THE SCENE: Light rain, temp in low 60s.
F3 WELCOME & DISCLAIMER
20 Side-Straddle Hops, 20 Plank Jacks, 10 Windmills, 10 Rockettes, 10 Baby Arm Circles Forward and Backward, 7 Wide Arm Circles Forward and Backward.
Our AO for the day was the pavilion at the Northern Ball Fields.
Mosey to semi-circle roadway that goes by soccer fields. We ran high knee for 10 stakes, did 10 squats, then butt-kicked for 10 stakes and did 10 squats. We continued that pattern until the end of the semi-circle roadway. We then returned to the start with the same pattern but this time doing squat jumps instead of squats. We, finally, went back on the semi-circle, this time doing Bernie Sander for 20 states and 5 Imperial Walkers, repeating that pattern to the end of the semi-circle roadway.
Mosey to parking lot by southern ball fields. We did suicides up parking lot, running to each of the large light posts along the parking lot. When we got back from each cone we did 20 Squats. We rinsed and repeated.
Mosey back to the street but stop at curb before stop sign. We did 10 tempo merkins by curb.
Mosey to parking lot with the islands that is located south of the Northern Ball Fields. We divided into three groups. Two groups positioned themselves on islands on the opposite end of the parking lot. While the third group ran from one end of the parking lot to the other, the groups on either island alternated between doing 10 incline merkins on curb and 10 bench dips on curb. Once the running group got to the island then they started the exercises while the group that was there ran to the other end. This pattern continued until all groups had run from one end to the other two times.
Mosey to Pavilion. At pavilion, we ran to benches, did 10 bench jumps and ran back to pavilion. Rinse and repeat.
Finish at Pavilion.
COUNT-OFF & NAME-O-RAMA
17 men, no FNGs.
CIRCLE OF TRUST/BOM:
From now on let no one cause trouble for me, for I bear on my body the brand-marks of Jesus.
I’m going to talk a little bit about the importance of scars, the importance of wounds. As men, we sometimes take a bit of pleasure in showing our scars to one another. Sounds weird, but I think there are good reasons for it. By sharing we show one another that we have been wounded and have that in common. We also show we were tough enough to take it.
Our brother, Pusher, has told me of a tradition in the Philippines where boys are circumcised at the age of ten. Think about how painful that is for a ten-year-old. For two weeks after the circumcision that boy, in fact, wears a dress because the touch of pants to the circumcised area would be too painful. Filipinos realize that they could change the age of the circumcision – to circumcise at that age is certainly not a medical necessity. But in the Philippines it is a rite of passage. The boy fears the moment, fears the pain, but in enduring it makes a major step toward manhood. He can walk proudly, knowing he has endured it.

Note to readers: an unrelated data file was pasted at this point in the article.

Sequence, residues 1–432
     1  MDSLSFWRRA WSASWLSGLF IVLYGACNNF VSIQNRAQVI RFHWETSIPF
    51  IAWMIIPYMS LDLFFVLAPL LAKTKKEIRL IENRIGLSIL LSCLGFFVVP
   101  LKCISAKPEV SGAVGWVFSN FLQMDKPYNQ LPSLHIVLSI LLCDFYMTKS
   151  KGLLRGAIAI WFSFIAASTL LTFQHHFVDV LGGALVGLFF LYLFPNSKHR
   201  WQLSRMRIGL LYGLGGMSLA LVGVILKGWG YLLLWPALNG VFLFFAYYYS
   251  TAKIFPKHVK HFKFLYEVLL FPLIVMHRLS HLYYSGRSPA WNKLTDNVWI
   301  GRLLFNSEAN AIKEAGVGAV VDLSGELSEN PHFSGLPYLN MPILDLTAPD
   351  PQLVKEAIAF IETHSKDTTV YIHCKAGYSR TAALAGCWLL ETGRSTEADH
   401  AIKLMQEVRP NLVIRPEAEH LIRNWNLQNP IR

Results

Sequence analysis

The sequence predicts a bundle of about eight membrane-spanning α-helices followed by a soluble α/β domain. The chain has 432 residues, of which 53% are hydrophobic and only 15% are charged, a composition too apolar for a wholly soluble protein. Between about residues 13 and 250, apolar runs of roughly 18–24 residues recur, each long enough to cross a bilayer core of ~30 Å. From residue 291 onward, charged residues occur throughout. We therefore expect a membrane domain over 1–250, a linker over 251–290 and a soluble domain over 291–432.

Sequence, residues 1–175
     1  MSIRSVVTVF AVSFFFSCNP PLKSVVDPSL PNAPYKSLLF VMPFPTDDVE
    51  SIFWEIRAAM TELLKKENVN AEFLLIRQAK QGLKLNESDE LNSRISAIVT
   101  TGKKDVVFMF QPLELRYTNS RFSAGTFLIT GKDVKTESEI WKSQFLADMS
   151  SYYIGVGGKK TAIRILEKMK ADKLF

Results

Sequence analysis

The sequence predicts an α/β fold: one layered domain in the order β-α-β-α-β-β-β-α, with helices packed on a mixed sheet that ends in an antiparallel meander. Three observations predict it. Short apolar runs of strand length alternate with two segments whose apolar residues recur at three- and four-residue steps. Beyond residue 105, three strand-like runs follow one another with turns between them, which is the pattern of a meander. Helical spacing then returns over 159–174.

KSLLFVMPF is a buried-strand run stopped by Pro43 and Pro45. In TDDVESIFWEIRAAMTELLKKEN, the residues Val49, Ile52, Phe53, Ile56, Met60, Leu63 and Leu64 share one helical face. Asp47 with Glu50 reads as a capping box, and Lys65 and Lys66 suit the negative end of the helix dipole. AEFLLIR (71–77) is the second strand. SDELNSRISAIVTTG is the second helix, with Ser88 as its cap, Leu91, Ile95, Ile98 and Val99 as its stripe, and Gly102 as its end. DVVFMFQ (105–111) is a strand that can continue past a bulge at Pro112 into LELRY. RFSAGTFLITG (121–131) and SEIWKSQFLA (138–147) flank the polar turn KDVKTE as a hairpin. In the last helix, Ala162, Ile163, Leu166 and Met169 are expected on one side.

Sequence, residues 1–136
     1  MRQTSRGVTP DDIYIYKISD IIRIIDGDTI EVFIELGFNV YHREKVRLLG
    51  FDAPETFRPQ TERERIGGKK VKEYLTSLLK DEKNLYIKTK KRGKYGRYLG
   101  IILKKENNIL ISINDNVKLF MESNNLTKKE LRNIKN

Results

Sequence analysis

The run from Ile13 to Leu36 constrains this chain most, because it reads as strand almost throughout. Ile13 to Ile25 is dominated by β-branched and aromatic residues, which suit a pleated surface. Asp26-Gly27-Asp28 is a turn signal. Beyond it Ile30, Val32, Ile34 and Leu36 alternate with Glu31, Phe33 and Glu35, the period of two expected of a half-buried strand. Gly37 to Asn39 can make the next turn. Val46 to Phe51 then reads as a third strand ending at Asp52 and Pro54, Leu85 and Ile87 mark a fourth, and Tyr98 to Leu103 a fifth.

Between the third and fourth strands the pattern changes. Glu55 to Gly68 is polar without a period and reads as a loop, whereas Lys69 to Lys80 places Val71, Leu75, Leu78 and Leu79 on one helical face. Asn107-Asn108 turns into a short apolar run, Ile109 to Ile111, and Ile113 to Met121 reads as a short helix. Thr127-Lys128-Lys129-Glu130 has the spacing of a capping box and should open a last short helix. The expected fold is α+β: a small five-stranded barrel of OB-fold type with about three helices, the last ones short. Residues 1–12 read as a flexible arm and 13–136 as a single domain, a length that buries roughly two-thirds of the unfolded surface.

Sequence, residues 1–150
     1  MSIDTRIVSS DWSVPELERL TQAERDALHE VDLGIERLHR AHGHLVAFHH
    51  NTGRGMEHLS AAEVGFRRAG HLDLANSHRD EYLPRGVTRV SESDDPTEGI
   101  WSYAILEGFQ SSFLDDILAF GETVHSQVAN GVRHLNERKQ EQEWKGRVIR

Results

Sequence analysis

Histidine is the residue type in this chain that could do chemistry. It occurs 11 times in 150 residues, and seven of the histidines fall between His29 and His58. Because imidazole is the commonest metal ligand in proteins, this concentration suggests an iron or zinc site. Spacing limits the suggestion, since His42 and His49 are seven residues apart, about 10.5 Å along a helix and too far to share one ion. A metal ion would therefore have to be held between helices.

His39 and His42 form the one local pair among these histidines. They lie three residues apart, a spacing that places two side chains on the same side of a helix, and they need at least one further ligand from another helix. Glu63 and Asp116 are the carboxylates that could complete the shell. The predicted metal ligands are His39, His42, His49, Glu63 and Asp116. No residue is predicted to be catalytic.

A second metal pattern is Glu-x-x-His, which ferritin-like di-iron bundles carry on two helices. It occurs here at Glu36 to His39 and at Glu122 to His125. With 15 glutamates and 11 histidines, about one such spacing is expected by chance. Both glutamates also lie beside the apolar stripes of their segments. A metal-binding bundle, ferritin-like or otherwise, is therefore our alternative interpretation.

The Aborigines have an interesting rite of passage that I read about. At the time of puberty the male or female meets overnight with the same sex members of their community who tell them stories of manhood or womanhood. Afterwards, the male or female meets in a ceremony with their father and mother. Both the father and the mother each take a sharp claw from an animal and cut the skin on the chest of the child. The cuts form permanent wounds that will remain on the daughter or son’s breast for the rest of their life. It is a symbol of recognition: “I have been wounded by my parents and I must accept that fact. In accepting it, I can become a woman or a man.” I love that – my parents love me but they have also wounded me and I need to man up to that.
I can remember my cousin and I talking, at about college age, about the types of women we would like to marry. Of course we talked about physical beauty. But we also talked about the character of the woman we wanted to marry. We both agreed that we would rather marry a woman who had been wounded by some hardships than marry a woman who never had faced hardships and was completely innocent. Our scars give us character. They also help us to empathize with the pain and hardships experienced by others.
I accept that I have been scarred by life. I cannot deny it or escape it. I am not the Innocent Man that Billy Joel sang about. But, as a Christian, the ultimate example of empathy for me is our Lord Christ. I expose my scars to Him. For, He was willing to take on the scars of the Cross to save humankind from our sinfulness. In recognizing this, in baptizing myself to this, I am given the ultimate rite of passage. And, as Paul states in Galatians 6:17, “from now on let no one cause trouble for me, for I bear on my body the brand-marks of Jesus.”
Prayers for Helga and his wife who is having surgery, for Steam’s father who just had total knee replacement surgery, and for Steam as he considers a new job.
Hardship Hill on Saturday, October 3.